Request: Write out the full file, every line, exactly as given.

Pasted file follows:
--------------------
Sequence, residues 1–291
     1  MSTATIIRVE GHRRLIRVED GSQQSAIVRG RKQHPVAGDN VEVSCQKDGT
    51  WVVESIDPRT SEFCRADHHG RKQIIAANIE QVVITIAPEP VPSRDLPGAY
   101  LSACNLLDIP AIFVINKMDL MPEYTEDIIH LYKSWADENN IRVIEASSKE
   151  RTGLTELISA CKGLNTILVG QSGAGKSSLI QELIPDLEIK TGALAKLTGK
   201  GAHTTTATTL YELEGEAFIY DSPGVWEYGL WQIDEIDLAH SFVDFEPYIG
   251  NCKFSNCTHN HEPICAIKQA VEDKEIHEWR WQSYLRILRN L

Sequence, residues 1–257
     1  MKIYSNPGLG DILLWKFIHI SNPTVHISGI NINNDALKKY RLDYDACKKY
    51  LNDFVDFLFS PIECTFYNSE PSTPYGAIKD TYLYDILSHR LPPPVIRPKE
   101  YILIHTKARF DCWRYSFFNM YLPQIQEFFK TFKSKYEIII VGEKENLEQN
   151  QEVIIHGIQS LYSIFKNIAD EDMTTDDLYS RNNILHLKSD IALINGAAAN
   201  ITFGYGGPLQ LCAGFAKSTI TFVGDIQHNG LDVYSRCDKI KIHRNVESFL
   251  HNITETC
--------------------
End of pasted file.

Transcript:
Sequence, residues 1–291
     1  MSTATIIRVE GHRRLIRVED GSQQSAIVRG RKQHPVAGDN VEVSCQKDGT
    51  WVVESIDPRT SEFCRADHHG RKQIIAANIE QVVITIAPEP VPSRDLPGAY
   101  LSACNLLDIP AIFVINKMDL MPEYTEDIIH LYKSWADENN IRVIEASSKE
   151  RTGLTELISA CKGLNTILVG QSGAGKSSLI QELIPDLEIK TGALAKLTGK
   201  GAHTTTATTL YELEGEAFIY DSPGVWEYGL WQIDEIDLAH SFVDFEPYIG
   251  NCKFSNCTHN HEPICAIKQA VEDKEIHEWR WQSYLRILRN L

Sequence, residues 1–257
     1  MKIYSNPGLG DILLWKFIHI SNPTVHISGI NINNDALKKY RLDYDACKKY
    51  LNDFVDFLFS PIECTFYNSE PSTPYGAIKD TYLYDILSHR LPPPVIRPKE
   101  YILIHTKARF DCWRYSFFNM YLPQIQEFFK TFKSKYEIII VGEKENLEQN
   151  QEVIIHGIQS LYSIFKNIAD EDMTTDDLYS RNNILHLKSD IALINGAAAN
   201  ITFGYGGPLQ LCAGFAKSTI TFVGDIQHNG LDVYSRCDKI KIHRNVESFL
   251  HNITETC